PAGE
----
"Immersion in the life of the world, a willingness to be inhabited by and to speak for others, including those beyond the realm of the human, these are the practices not just of the bodhisattva but of the writer." --Jane Hirshfield

Sunday, May 31, 2009

Beautiful Libraries

These photos are gorgeous and make me wonder if all the worry about people losing interest in books can possibly be justified.

Abortion Doctor

CNN, ABC and Yahoo (and no doubt Fox) are all guilty. The NY Times, bless its lonely, print-bound, going-bankrupt soul, is not: Doctor who performed abortions is shot to death.

I think the misuse of language encourages crime, altho it would be hard to argue that CNN is responsible for this murder.

Monday, May 25, 2009

Fiction in Orbit

Our experience of stories is, by and large, a lateral one, in which the writer commands every aspect of the world the reader inhabits as well as the process by which it reveals itself. Fine; it’s worked for centuries. But it’s hard to shake the feeling that gaming – which increasingly promises a narrative space for the player to make his own way, never having the same experience twice – is where at least some of the great writers of tomorrow will make their names.

Eh. I've heard this argument for about the past twenty years. So, when is it going to happen? The author of this article at the Telegraph mentions a lot of books that inspired games, including the forthcoming Dante's Inferno, "an uncannily good fit for the levels of a computer game." I don't know if books are what the video games are replacing -- why not TV, or team sports or even opera? And, if video games do replace books, what will the gamers do when the source materials are all used up? Write new ones?

Wednesday, May 6, 2009

Judging a book by its cover

Are new sci fi book covers designed to appeal only to genre readers? Did the old ones have more general appeal? Hm. On the Penguin blog. Here is a link to the cover art of some old Penguin titles. You can get bigger images and book descriptions by clicking.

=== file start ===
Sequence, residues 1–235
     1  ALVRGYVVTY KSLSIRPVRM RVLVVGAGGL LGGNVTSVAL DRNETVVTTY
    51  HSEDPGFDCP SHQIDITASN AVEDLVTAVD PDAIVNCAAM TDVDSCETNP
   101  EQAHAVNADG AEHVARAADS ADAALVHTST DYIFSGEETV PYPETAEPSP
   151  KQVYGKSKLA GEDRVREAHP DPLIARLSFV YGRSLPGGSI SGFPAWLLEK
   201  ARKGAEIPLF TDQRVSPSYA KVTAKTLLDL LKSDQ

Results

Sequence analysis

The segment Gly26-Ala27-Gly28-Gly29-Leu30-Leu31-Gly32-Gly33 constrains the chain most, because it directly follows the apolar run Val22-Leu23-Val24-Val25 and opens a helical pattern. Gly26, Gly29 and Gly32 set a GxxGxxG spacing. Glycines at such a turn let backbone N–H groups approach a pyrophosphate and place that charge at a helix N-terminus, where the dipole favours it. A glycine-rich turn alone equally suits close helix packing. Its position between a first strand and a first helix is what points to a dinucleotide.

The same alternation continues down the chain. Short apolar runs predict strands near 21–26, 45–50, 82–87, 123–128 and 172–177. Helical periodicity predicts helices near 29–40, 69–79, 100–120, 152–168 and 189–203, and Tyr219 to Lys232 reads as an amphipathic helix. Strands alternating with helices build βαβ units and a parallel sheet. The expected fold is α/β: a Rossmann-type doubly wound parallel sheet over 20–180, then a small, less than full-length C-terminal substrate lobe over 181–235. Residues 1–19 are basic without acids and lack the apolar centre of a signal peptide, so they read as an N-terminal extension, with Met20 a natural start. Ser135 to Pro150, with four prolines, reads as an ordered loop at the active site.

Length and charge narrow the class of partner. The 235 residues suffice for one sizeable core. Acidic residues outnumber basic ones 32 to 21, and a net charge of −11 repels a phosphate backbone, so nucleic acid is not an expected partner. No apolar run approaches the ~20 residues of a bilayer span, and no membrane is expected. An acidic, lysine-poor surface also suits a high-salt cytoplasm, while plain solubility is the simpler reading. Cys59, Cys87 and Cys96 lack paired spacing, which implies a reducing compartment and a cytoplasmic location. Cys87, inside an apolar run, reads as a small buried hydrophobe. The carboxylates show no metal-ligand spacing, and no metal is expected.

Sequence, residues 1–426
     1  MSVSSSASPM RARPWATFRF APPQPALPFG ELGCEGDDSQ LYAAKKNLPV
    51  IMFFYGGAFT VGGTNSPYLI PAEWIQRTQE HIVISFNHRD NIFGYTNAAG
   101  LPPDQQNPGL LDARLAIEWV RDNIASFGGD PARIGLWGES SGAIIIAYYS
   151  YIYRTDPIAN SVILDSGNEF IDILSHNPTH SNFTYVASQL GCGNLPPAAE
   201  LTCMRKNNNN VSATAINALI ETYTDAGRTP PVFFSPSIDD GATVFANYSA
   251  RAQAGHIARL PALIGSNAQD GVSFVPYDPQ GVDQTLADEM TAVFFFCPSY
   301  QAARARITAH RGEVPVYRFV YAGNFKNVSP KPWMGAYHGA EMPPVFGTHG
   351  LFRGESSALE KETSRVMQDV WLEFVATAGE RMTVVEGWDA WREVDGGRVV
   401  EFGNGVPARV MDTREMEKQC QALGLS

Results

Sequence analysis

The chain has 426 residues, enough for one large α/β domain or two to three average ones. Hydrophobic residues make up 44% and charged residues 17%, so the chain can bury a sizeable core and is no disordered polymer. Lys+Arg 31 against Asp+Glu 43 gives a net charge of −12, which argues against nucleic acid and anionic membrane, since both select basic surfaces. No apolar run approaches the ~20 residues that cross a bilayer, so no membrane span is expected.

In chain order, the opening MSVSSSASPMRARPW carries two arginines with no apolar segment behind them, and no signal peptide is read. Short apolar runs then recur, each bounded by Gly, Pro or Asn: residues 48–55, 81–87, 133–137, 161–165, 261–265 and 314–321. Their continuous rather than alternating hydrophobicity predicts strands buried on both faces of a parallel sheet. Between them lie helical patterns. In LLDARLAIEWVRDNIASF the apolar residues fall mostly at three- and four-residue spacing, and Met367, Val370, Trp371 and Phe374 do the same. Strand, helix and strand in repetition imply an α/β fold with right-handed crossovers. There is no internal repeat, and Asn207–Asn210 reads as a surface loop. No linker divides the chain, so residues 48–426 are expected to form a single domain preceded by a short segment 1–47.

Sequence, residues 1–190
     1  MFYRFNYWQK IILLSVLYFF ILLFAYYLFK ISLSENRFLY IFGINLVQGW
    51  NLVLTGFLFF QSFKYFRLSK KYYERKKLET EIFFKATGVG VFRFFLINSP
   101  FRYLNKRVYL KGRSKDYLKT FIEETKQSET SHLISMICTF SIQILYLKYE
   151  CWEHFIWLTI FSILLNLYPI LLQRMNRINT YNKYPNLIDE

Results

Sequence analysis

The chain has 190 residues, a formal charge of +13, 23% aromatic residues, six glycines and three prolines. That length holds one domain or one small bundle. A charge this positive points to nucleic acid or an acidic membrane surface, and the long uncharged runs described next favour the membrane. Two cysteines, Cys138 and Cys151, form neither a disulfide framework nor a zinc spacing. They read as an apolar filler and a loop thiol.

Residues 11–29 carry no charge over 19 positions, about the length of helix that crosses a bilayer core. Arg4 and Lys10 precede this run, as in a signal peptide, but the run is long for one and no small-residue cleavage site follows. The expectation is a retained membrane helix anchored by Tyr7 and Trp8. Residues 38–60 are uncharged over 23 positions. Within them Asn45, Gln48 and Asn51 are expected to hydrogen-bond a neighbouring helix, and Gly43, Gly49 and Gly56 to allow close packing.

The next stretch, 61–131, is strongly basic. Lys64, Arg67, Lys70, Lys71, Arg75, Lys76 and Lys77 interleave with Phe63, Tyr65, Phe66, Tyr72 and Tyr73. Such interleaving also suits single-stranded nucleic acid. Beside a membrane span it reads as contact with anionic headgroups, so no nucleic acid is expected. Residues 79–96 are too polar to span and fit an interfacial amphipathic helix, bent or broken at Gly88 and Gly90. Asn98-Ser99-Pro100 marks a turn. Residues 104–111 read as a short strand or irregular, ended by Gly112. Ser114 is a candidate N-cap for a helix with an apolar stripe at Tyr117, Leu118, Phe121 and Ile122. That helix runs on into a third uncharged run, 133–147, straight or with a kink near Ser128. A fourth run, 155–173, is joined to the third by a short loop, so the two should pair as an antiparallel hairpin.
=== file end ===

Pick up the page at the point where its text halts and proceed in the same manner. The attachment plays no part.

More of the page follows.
Maybe readers were more open minded in the past. Most of these covers look pretty science-fictiony to me, lover of aliens and worlds ending that I am.

Tuesday, May 5, 2009

A Sad Story in Here Somewhere?

Chocolate Chip Cookie for One. I'm surprised it doesn't come with a single-cookie-making machine.

Well, it saves a trip to the convenience store in the middle of the night, although you can make the whole batch in the same amount of time, as one reviewer notes. I just like the idea. It's the cookie version of a paperback that fits in your Levis pocket.

People did used to carry books around more often, right? And cookies? Now it's all phones and Blackberries, personal music devices and GPS things. I'd rather get lost with a book and a cookie, myself.

Friday, May 1, 2009

A la carte

pricing for short story collections? Sort of like mp3 files... Is this really what's in store for e-books? Not to mention rewriting to influence search engines.

“perhaps entire books written with search engines in mind.”


And, what happens when we can't tell what other people are reading on the subway, and what they have on their shelves? How can we prejudge them/influence their first impressions of us, if nobody can tell we have great lit on the Kindle?

Obviously, we need a Kindle that displays a slideshow of the titles contained within, and some way of telling that the person actually has the books, and not just the slideshow.